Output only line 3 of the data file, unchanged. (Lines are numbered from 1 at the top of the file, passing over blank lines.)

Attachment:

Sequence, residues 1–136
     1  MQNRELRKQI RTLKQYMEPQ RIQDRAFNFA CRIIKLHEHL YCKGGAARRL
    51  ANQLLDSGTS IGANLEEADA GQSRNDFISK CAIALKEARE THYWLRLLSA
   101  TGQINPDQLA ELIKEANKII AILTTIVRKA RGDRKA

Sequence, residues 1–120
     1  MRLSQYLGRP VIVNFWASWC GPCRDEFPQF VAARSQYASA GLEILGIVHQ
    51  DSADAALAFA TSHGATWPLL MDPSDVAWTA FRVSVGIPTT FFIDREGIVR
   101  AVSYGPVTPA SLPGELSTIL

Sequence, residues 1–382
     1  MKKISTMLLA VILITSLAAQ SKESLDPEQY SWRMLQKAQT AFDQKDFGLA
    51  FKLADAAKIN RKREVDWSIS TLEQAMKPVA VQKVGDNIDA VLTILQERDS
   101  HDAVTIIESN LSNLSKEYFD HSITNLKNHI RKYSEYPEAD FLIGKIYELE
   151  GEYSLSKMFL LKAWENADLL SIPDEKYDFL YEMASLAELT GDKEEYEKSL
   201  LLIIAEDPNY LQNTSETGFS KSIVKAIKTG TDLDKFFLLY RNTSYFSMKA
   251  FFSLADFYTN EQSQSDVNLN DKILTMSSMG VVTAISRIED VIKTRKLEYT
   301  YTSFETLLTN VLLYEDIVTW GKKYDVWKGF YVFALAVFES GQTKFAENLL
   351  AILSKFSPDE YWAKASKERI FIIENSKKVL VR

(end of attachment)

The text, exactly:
    51  ANQLLDSGTS IGANLEEADA GQSRNDFISK CAIALKEARE THYWLRLLSA